5. Have some faith in the kids | I heartily approved of the Dover ruling. But learning about intelligent design (especially as part of an ideas course) isn't going to prevent children from deciding for themselves, as adults, what to believe, or deprive them of opportunities (Los Angeles Times)

  6. Why we care about Darwin wars | In erasing God's role from the history of biological existence, Darwinism erases a primary motivation to pursue scientific discovery. (David Klinghoffer, Seattle Post-Intelligencer)


  1. Barry finds a 'new church home' | Council member Marion Barry has made a final break with his one-time spiritual adviser, the Rev. Willie Wilson , formally joining a neighboring church whose pastor condemned "wishy-washy people" who abandoned Barry in his time of need (The Washington Post)

  2. Hackett repeats religious fanatic' criticism of GOP | Ohio Republican Chairman calls "attempt to compare Christian conservatives to terrorists is abhorrent and completely inappropriate" (The Plain Dealer, Cleveland)

  3. Sunday: Candid candidate: Hackett calls 'em like he sees 'em | "The Republican Party has been hijacked by the religious fanatics that, in my opinion, aren't a whole lot different than Osama bin Laden and a lot of the other religious nuts around the world" (Joe Hallett, The Columbus Dispatch, Oh.)

  4. Religious groups worried about GM foods | South Africa's faith communities are planning to petition major food retailers to label all genetically modified foods, according to Bishop Jeff Davies from the SA Council of Churches (The Mercury, South Africa)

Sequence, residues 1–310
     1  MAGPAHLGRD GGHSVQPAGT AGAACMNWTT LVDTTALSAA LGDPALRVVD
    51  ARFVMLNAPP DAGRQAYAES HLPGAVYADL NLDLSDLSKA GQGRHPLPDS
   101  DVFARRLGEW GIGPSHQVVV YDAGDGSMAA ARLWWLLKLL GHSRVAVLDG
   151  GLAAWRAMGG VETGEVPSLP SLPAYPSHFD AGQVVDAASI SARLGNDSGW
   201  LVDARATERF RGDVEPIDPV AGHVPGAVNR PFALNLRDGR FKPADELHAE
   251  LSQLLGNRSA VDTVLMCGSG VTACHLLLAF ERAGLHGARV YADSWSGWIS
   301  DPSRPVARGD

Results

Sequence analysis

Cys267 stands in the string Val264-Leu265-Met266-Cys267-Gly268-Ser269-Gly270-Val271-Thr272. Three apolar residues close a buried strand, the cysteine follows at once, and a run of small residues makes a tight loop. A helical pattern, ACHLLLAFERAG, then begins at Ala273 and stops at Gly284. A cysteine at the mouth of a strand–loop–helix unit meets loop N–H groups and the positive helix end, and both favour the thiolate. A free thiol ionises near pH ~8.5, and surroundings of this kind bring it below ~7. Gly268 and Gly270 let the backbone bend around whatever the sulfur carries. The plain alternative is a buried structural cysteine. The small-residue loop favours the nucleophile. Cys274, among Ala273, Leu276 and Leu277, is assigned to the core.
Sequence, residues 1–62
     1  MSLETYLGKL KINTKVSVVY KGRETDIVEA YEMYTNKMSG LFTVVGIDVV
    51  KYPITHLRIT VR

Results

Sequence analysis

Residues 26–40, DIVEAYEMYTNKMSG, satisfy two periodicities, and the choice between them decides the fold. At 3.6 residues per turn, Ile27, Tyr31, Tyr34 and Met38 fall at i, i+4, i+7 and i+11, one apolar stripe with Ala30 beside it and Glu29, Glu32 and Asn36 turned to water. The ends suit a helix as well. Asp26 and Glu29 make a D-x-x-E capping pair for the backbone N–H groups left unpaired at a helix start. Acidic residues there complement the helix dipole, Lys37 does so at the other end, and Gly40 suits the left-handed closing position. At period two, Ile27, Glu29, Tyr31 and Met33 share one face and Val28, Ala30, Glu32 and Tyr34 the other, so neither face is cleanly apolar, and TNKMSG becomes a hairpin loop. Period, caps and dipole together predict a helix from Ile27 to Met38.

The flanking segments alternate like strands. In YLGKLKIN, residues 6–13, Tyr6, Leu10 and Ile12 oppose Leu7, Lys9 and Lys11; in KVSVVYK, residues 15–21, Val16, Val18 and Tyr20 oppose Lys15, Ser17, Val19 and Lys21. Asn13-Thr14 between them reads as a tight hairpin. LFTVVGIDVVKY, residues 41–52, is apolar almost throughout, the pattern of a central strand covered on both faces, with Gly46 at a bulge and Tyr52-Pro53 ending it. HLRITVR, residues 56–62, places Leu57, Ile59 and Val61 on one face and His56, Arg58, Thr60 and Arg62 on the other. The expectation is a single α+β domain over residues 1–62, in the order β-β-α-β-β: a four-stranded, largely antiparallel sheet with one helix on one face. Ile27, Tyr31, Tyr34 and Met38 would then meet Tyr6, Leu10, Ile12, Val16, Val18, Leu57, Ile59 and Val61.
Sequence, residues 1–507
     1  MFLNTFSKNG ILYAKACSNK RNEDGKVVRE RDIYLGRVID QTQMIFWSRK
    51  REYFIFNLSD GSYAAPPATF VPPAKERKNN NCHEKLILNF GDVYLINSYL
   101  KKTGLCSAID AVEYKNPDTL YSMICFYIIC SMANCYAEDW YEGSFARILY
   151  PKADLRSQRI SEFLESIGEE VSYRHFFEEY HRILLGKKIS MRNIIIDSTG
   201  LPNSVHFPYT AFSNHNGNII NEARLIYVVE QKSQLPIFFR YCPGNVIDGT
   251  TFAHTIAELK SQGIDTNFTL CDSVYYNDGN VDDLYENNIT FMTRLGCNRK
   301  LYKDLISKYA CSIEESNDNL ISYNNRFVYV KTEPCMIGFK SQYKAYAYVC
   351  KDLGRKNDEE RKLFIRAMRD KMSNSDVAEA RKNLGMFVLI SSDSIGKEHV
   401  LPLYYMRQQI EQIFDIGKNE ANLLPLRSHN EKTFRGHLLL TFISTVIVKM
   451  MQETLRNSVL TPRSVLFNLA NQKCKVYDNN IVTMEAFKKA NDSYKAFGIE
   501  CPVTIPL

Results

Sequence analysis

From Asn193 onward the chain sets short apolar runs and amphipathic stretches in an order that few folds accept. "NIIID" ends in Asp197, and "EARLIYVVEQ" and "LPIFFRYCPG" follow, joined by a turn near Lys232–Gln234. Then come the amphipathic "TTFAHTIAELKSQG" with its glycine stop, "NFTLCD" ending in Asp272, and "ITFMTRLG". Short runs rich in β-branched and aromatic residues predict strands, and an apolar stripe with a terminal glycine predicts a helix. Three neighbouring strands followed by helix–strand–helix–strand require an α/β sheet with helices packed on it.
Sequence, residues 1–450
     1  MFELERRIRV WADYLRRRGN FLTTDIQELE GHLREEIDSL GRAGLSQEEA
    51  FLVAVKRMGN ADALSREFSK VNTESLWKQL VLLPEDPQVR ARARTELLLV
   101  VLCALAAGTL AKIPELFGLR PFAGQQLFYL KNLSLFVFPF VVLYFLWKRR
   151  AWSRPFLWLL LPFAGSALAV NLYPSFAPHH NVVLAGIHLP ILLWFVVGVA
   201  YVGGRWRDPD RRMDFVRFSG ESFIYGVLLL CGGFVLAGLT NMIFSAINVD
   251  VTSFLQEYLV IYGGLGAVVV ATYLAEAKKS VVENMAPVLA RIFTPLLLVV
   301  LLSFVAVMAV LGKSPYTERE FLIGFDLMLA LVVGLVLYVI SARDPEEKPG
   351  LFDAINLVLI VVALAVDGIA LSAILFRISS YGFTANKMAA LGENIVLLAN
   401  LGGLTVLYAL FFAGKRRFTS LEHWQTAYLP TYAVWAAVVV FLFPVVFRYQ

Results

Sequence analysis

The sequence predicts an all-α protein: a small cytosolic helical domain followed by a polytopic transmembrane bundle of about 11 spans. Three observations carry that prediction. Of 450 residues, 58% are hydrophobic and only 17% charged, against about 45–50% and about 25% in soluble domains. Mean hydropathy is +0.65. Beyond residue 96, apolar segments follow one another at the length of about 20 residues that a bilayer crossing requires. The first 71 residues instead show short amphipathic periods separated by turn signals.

1. Abortion battles play out state by state | Lawmakers in two states are proposing broad abortion bans they hope will eventually win approval from a reconfigured, more conservative high court. Legislators elsewhere are seeking to tighten a range of abortion restrictions; one leading liberal advocacy group gave 19 states a failing grade on reproductive rights in a national status report issued Wednesday (Associated Press)

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  1. Abortion drug battle splits lobby | The Uniting Church, Australia's third-largest denomination, has distanced itself from a fierce campaign being waged by "pro-life" groups against the abortion drug RU486 (The Sydney Morning Herald)

  2. Also: Most back abortion pill as referral option | Most Australians believe that a controversial abortion pill should be available to doctors if a woman is seeking a termination (The Australian)

  3. Bill seeks abortion's end in Ohio | Backers say it could help overturn Roe v. Wade (The Cincinnati Enquirer)

  4. Abortion for minors requires consent | State's abortion law provides for medical emergencies and lets judges grant approval (Richmond Times-Dispatch, Va.)

Abortion speech:

  1. Granite City OK's sign limits; abortion-foes protest | With little fanfare, the City Council on Tuesday night voted to restrict signage along parade routes, a move that angered an anti-abortion group targeted by the ordinance (St. Louis Post-Dispatch)

  2. Also: Granite City sign ordinance passes; protesters vow a fight | Abortion opponents will go to court in an effort to get rid of Granite City's new law against displaying large signs alongside parade routes, their attorney said Tuesday (Belleville News-Democrat, Ill.)

  3. Arizona panel backs bill on abortion speech | Plan would force doctors to talk about fetal pain (Associated Press)